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Thread: NVIDIA's VDPAU Library Updated For DRI2 Work

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    Default NVIDIA's VDPAU Library Updated For DRI2 Work

    Phoronix: NVIDIA's VDPAU Library Updated For DRI2 Work

    NVIDIA's Aaron Plattner has announced the release of libvdpau 0.4. From November of 2008 when VDPAU was introduced to September of 2009, the Video Decode and Presentation API for Unix lived within NVIDIA's binary display driver package...

    http://www.phoronix.com/vr.php?view=NzkzNQ

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    Good stuff, even for people on non-NVidia hardware. At least someone seems to care about video acceleration on Linux.

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    does this mean that when vdpau comes to gallium, every single piece of graphics hardware with shader processors and a gallium driver will support vdpau?

    and can vdpau be ported to arm for use on arm compatible graphics processors with a gallium driver(if/when that happens)?

    this is some exciting stuff. gallium will totally change linux forever. gallium is such a brilliant idea!

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    I have a quesiton:
    It's great that nvidia provides an "open" video acceleration protocol. But is there a problem, that nvidia "owns" the protocol? Say open drivers implement vdpau and then nvidia changes the protocol? Or something like this?
    Thanks.

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    Quote Originally Posted by bugmenot View Post
    I have a quesiton:
    It's great that nvidia provides an "open" video acceleration protocol. But is there a problem, that nvidia "owns" the protocol? Say open drivers implement vdpau and then nvidia changes the protocol? Or something like this?
    Thanks.
    Read the license.

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    License or not, yes, this is definitely a concern.
    Nvidia came up with it, nvidia can change it.
    Nvidia can make their hardware only compatible with the "newest" iteration of it that they came up with.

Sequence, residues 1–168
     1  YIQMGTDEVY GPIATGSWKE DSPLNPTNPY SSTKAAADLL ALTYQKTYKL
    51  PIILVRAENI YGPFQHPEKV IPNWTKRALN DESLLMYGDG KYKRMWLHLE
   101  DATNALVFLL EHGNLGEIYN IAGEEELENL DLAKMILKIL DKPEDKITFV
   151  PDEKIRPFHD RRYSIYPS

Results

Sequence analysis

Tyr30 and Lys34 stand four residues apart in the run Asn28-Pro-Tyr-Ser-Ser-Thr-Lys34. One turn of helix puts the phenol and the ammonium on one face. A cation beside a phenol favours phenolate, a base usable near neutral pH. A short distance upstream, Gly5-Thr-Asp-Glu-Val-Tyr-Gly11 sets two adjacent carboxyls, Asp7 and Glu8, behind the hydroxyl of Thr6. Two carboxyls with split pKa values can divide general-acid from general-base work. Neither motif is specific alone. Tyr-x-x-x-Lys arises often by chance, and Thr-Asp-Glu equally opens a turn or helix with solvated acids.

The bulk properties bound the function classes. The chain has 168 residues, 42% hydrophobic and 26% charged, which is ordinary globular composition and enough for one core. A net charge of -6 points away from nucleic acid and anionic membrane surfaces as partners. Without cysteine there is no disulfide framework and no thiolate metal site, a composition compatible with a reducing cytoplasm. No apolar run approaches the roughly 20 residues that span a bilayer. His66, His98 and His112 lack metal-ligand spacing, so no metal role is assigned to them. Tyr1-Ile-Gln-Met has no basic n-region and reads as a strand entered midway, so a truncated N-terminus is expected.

Nvidia scares the crap out of me and I *strongly resist* implementing any of their suggestions into "standard". Nvidia should be forced to comply with standards, not the other way around.

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    Quote Originally Posted by droidhacker View Post
    License or not, yes, this is definitely a concern.
    Nvidia came up with it, nvidia can change it.
    Nvidia can make their hardware only compatible with the "newest" iteration of it that they came up with.

    Nvidia scares the crap out of me and I *strongly resist* implementing any of their suggestions into "standard". Nvidia should be forced to comply with standards, not the other way around.
    News flash, most standards are from corporations. Intel for example could do the same thing with VA-API. Like any other project out there a change in license can happen anytime. openGL for example was basically SGI's baby,openAL was Creatives, and then there are the crapload of other protocols and API's that were developed over the years such as USB, ATA, etc. In short your concerns are unjustified. Let's put it this way, if Redhat and freedesktop give it the thumbs up then your concerns are pretty much NIH fueled FUD.

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    deanjo:
    Intel and ATI are known to be good for the open source ecosystem. nvidia gives a shit on it. From that perspective it trust Intel and AND way more than nvidia. It's not only a license question.

    Don't get me wrong: If the protocol is better than VA API, then take it. I am the last, who says "No, don't implement it, just because it's from nvidia". If it's the best, if there are no concerns regarding the license and if it's open and also no concerns regarding the problem I asked for, then take it.

    I'd also be interested in a developers view, if VDPAU is suitable for e.g. AMD or Intel cards, although VDPAU is developed (?) for nvidia cards. And which accel technology they contemplate. And why.

    Thx again.

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    why do so many people have problems with nvidia as a company?

    what's bad about them other than being a little controlling and having a closed driver, have they ever done anything against free software?

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    Quote Originally Posted by portets43 View Post
    why do so many people have problems with nvidia as a company?

    what's bad about them other than being a little controlling and having a closed driver, have they ever done anything against free software?
    Four reasons, mainly:

    1. they pursue an aggressive lock-in strategy instead of open standards (Physx, TWIMTBP, paying developers to remove features when running on competitors' hardware - see for example Assassin's Creed)

    2. their model numbers are intentionally misleading (continuous renames, parts with different specs sold under the same names, marketing madness). Gee, you can buy a GT360 now, which is the same as the 260, which was the same as the 9800, which was a slightly beefed up version of the 8800. Nice! Cookies for anyone who can tell what DX version and what video acceleration level each of those supports without looking it up.

    3. because they dealt the death blow to 3dfx

    4. because they are indifferent/hostile to the idea of open-source drivers

    Otherwise they produce pretty good software and hardware.

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